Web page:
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Midwest Murder & Mayhem: A Wabasha Street Caves Experience

wabasha street caves

John Dillinger, Ma Barker, Alvin ‘Creepy’ Karpis, these are just a handful of the infamous names you’ll hear on the Wabasha Street Caves tour in Saint Paul Minnesota. It’s hard to believe that this seemingly sleepy town was once a hotbed for bootleggers, thieves and murderers, but after spending three hours with the Wabasha Street gang, you’ll be swooped up into a stranger-than-fiction tale of love, intrigue murder and corruption.

wabasha street caves

My journey of intrigue began with a walking tour of the Wabasha Street Caves site. Dating back to the 1840’s, located some 100 feet below the streets of Saint Paul, these man-made, sandstone caves were originally mined for silica (used for glass production). Once carved out, the caves were an ideal environment for mushroom growing, and cheese-making, harmless activities. No one could surmise that these caves would become headquarters for some of the most dangerous and deadly gangsters across the Midwest.

wabasha street caves

If there’s one thing to take away from a Wabasha Street Caves tour, it’s the importance of the O’Connor System. The O’Connor system was an informal agreement between a crooked chief-of-police, John O’Connor and the gangsters of Saint Paul. The agreement was as follows: Never commit crimes in Saint Paul, check-in with your designated contacts and keep O’Connor’s hands greased. In exchange for their cooperation, gangsters like John Dillinger, the Karpis-Barker gang and others could do business at the Wabasha Street Caves without incident, away from the prying eyes of the FBI.

wabasha street caves

Inside the Wabasha Street Caves

If you take this tour, wander into the Fireside room and examine the mantle carefully. You will see remnants of what is said to be Tommy-Gun bullet holes. Legend has it John Dillinger (played by Johnny Depp in Public Enemy) got into a bit of a disagreement with a couple of gangsters and shot them dead. The young waitress who discovered the bodies called police, who told her to wait for them in front of the caves. Police arrived to a shaken woman, and immediately proceeded to the Fireside room. Returning a few hours later, they brought the young woman back inside to show her what appeared to be an undisturbed scene. No dead bodies and no Dillinger. They turned to her and warned her to think twice before making a false police report. Where did the bodies go? What happened to the murderer? There are myriad theories, and you’ll have some fun hashing out the possibilities with your cave guide.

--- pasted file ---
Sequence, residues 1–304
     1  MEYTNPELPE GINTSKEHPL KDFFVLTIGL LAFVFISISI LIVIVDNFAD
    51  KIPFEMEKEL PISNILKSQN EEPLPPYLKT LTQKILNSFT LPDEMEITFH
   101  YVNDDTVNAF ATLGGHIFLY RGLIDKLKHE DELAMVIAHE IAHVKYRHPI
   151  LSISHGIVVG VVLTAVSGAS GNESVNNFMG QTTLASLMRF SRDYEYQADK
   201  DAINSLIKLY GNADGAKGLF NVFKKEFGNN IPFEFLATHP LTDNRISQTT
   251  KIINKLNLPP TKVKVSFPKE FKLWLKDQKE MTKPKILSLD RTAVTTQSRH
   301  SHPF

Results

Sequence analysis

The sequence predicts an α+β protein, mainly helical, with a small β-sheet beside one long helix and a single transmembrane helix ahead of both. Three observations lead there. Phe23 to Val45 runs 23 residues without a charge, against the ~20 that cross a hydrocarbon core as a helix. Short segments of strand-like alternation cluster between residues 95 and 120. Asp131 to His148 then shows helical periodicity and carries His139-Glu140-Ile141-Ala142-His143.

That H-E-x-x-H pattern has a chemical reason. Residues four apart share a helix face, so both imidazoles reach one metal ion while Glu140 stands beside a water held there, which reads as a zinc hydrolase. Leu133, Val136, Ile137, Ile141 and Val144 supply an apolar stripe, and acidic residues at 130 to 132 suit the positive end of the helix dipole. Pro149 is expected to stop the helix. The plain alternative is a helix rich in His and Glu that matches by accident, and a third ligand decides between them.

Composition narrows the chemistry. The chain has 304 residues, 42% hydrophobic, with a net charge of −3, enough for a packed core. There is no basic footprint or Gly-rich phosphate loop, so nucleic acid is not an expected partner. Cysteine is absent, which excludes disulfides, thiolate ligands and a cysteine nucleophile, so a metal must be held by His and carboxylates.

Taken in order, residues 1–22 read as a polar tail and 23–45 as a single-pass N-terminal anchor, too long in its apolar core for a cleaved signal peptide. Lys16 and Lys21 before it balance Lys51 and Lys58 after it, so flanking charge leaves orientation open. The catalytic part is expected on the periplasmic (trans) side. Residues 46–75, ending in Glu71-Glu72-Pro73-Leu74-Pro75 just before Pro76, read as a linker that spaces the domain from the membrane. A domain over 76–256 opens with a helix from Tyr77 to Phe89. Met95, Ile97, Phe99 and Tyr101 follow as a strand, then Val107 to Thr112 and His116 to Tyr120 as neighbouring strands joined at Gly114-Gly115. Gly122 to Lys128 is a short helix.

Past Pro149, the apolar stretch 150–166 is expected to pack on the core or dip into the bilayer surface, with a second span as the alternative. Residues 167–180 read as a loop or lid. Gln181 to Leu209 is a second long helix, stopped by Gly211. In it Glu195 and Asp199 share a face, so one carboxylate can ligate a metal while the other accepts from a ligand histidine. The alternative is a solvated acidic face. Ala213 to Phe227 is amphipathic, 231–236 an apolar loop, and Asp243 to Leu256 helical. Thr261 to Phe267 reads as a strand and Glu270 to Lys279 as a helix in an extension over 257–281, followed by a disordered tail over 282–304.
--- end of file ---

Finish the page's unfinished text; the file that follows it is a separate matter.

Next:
wabasha street caves

After an hour in the caves, my TBEX tour group made their way back out into daylight to start the next leg of our journey – A narrated bus tour to all the gangster hideouts, accompanied by a loud-mouthed, voluptuous buxom blonde playing the role of Minnesota’s top madam. For the next two hours, “Nina Clifford” rattled off tales of kidnapping, bank robberies gone wrong, Bonnie and Clydeesque escapes, and good old fashioned Tommy-Gun shootouts, all in syncopated hilarity.

wabasha street caves

A Discussion on Kidnapping – The Average ransom was $100,000 but rarely was the whole amount paid

To be honest, I’m not usually into pageantry, but our tour guides’ depiction of the infamous brothel owner was so convincing, and her story-telling so captivating, I couldn’t help but feel swept up into the world of Minnesotan gangster culture. As the bus meandered the well-to-do neighbourhoods of Saint Paul, Nina shared tale after tale of brazen underhandedness; Bootleggers scuttling across the Canadian border to buy “hay” (alcohol) and gangsters spending their days and nights at the Green Lantern Saloon where Danny Hogan, “one of the most resourceful and keenest criminals” ran an illegal gambling casino, a speakeasy and liaised between the Minneapolis police department and Minnesota’s most deranged gangsters.

wabasha street caves

John Dillinger – Public Enemy Number One

The Wabasha Street Caves & Gangster tour was just one of the many offerings for TBEX travel bloggers, and it was was worth every moment. Our guide was worth way more than the price of admission (free for TBEX’ers), and after spending two hours with a high-priced madam, we all thanked the way you thank any woman who bears all the secrets of the city’s most powerful men, by slipping a few greenbacks down her cleavage.

If you are interested in learning more about Minnesota’s most infamous gangsters, check out these books:

 

 

2 replies
  1. Amanda | Chasing My Sunshine
    Amanda | Chasing My Sunshine says:

    Oh I am so excited you blogged about this! I know you said it was a good one. I have to say, I love that “Rules of the Inn” sign. This totally changes my view on St. Paul – I definitely thought it was just a sleepy town back in the day.

    Reply
    • Jordana Manchester
      Jordana Manchester says:

      So glad you liked it! I loved the tour so much, I’ve ordered a couple of books on Saint Paul’s gangster past, so fascinating. And our tour guide was truly brilliant – She should be on broadway!

      Reply

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